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Seeing Needless Deaths Abroad, M.D. Turns Privilege Into Leverage

November 25, 2002|Jeff Gottlieb | Times Staff Writer

Robert Greenburg quit his medical practice six years ago. With it went the Newport Beach office in the shadow of Hoag Memorial Hospital Presbyterian, the six-figure income, the house on Lido Isle.

The gynecologist thought he had something more important to do.

He'd made trip after trip to Africa and fallen in love with the people and the wildlife. He was moved to tears when an elephant came close enough to touch. The people were so poor, though, and their health needs so great.

He talked to his mentor, Dr. Leo Lagasse of Cedars-Sinai Medical Center in Los Angeles. "Our only gift was medical things," Lagasse said. "That's all we know."

So the two men formed Medicine for Humanity. Operating it became Greenburg's full-time job -- that is, if something qualifies as a job when you don't get paid. He has taken teams of doctors to developing countries throughout the world, from Malawi to Croatia to the Philippines, where they have provided training to physicians and other health workers in the treatment and prevention of cervical cancer.Greenburg has volunteers from nearly every major medical school in the country, including Harvard, Johns Hopkins, Ohio State, the University of Wisconsin, Stanford and UCLA. About 120 of the nation's 700 gynecologic oncologists work with Medicine for Humanity, which Greenburg runs from his rented two-bedroom townhouse in Aliso Viejo.

"It's the greatest thing I've ever done," he said.

Last week, Greenburg and 10 doctors returned from seven days at the Rosebud Sioux Indian Reservation in South Dakota, where they treated 183 women.

Rosebud, a four-hour drive from the nearest major urban area, Rapid City, is one of the poorest areas in the nation. The women there are loath to travel to doctors because it puts them in an unfamiliar environment and often means going in bad weather, plus they lack child care. When Medicine for Humanity shows up, everything gets done on the spot.

"They bring some phenomenal pathology and surgical expertise," said Dr. Timothy Ryschon, who heads the Indian Health Service hospital at Rosebud.

Medicine for Humanity has concentrated on cervical cancer because it is preventable, Greenburg said. Caused by the human papilloma virus, there is a two- to 10-year pre-cancerous state. Even if a woman has the disease, it's highly curable.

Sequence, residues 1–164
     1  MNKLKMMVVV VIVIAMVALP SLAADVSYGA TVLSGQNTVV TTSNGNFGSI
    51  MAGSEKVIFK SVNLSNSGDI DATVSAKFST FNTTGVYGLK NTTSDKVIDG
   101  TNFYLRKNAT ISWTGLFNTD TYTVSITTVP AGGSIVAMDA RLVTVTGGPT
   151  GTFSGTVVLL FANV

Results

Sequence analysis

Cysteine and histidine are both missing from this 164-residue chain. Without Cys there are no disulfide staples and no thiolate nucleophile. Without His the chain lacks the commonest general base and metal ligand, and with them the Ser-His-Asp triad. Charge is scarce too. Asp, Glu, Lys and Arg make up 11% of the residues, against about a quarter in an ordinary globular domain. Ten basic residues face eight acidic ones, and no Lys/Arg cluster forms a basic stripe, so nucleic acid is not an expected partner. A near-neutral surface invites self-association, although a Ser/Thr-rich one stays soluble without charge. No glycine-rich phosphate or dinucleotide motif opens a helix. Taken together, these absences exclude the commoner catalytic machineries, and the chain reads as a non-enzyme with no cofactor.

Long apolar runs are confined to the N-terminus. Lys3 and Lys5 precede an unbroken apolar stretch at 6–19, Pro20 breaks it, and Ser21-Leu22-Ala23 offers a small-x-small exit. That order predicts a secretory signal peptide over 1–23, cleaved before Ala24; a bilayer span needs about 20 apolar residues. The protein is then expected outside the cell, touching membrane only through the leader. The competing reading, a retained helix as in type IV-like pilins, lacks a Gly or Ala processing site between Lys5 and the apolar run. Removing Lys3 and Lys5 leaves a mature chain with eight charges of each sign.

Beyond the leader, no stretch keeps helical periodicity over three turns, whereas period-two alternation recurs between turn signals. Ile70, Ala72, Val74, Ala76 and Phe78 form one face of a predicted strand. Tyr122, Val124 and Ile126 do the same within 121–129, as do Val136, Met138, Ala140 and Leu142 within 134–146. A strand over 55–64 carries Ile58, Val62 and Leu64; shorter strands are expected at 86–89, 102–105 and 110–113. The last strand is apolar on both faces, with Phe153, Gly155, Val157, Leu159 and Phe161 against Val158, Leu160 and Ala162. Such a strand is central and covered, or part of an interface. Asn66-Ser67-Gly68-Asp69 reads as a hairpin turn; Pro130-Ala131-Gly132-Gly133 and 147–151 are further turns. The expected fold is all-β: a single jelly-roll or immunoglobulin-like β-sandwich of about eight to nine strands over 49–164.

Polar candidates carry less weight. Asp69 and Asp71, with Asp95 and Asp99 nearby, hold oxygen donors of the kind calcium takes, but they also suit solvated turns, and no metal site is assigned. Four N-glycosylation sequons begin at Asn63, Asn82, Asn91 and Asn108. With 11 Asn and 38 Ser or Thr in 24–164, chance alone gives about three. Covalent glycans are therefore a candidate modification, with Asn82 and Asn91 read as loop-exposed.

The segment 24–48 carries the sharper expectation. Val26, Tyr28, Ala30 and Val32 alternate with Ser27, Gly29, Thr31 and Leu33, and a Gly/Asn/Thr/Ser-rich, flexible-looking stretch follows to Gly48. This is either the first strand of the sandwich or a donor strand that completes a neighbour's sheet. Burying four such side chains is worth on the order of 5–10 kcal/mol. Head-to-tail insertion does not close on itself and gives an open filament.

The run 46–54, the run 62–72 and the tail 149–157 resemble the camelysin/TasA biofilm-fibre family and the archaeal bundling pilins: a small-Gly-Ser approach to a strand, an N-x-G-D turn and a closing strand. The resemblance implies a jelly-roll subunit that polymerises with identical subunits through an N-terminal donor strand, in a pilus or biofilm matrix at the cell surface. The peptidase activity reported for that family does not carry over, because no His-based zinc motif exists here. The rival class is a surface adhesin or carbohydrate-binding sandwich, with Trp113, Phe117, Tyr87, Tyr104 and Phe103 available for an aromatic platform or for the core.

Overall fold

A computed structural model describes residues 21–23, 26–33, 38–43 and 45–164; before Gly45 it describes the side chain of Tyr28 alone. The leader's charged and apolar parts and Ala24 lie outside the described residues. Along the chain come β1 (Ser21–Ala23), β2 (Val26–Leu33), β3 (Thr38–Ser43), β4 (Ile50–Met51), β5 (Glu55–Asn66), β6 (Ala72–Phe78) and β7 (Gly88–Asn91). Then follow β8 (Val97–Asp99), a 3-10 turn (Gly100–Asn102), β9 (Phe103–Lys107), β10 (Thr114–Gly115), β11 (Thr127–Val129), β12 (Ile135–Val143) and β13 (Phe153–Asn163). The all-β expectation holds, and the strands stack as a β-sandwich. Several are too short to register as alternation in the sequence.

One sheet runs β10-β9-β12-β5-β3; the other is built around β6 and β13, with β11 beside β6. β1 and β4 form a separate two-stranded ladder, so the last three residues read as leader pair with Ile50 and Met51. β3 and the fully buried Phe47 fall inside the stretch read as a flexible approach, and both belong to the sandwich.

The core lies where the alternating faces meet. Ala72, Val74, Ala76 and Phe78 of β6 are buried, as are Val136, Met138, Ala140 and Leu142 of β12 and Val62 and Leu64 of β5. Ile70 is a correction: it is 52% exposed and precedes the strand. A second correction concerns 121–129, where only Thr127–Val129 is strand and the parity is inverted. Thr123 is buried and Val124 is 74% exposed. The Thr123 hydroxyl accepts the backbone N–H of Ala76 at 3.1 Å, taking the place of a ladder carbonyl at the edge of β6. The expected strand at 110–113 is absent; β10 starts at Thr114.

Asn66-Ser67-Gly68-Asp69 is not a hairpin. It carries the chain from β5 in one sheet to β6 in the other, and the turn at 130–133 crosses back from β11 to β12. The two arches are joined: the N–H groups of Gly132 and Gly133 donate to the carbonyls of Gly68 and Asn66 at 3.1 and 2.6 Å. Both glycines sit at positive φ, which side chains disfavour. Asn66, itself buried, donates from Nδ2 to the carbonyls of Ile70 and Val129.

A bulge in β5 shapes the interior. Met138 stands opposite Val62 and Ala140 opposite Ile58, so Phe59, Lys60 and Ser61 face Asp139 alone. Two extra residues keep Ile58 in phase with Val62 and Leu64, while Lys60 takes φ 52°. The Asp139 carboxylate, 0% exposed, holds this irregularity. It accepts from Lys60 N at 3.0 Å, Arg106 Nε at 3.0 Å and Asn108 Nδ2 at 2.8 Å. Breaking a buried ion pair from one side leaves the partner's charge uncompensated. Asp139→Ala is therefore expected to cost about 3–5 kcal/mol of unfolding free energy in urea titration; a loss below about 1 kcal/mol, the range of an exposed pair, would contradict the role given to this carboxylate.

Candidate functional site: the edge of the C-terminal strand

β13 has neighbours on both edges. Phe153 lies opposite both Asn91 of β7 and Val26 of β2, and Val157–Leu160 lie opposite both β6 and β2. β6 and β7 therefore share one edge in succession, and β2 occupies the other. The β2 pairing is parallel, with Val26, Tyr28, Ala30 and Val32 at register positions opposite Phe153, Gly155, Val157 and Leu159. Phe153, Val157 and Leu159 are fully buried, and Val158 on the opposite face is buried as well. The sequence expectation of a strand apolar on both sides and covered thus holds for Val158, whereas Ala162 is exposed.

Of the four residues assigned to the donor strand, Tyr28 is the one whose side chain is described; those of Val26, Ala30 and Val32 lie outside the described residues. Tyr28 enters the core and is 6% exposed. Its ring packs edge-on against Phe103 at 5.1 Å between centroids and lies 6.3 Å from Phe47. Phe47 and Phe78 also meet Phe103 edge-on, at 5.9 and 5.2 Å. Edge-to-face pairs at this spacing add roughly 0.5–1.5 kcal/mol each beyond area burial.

"It's the leading cause of cancer death in the developing world among women," Greenburg said. "The reason it's the leading cause of death is because there's no screening, and if there's no screening, there's no treatment."

Fatal cases of cervical cancer were also more prevalent in developed nations until the introduction of the Pap smear in the 1940s to detect abnormal cells, Greenburg said. And there was news last week that research on a vaccine for human papilloma virus had shown promise.

"Please, God, let this be the solution, but it's a work in progress," Greenburg said. "We'll still have to take care of the people who have the virus."

Medicine for Humanity depends on donations from friends, families, patients, foundations and businesses for its $100,000 annual budget. Greenburg receives no salary; he lives on savings.

"He's living on a shoestring," Lagasse said.

Greenburg, 57, with gray hair and beard, is often wide-eyed in wonderment as he talks. Aside from Medicine for Humanity, his passion is wildlife photography, and in his townhouse he is quick to show visitors a photo of two lions and another of three giraffes.

Greenburg had made eight trips to Africa on photo safaris before he started Medicine for Humanity. He would visit hospitals there and see women dying for lack of treatment. "That's a horrible sight for anyone, let alone a physician, let alone a gynecologist," he said.

"You look at it, and finally you see you've got to do something. It's not like putting a man on Mars. This is fairly simple. We've just got to get over there."

Deciding to devote himself full-time to the new group wasn't difficult.

"For my whole life I wanted to be a physician, and this is being the purest form of a physician," he said.

As for training local doctors at their destinations, the group's physicians go on rounds with their counterparts, listen to them present cases and teach them surgical techniques.

Cancer treatment is almost nonexistent in some countries. In all of Malawi, there is one pathologist, Greenburg said. The only technician able to read Pap smears died of complications from AIDS.

Dr. William Crisp, who teaches at the University of Arizona College of Medicine, has gone on Medicine for Humanity trips to Nepal, the Philippines, Poland, Croatia and Bosnia, in addition to U.S. Navajo and Hopi Indian reservations.

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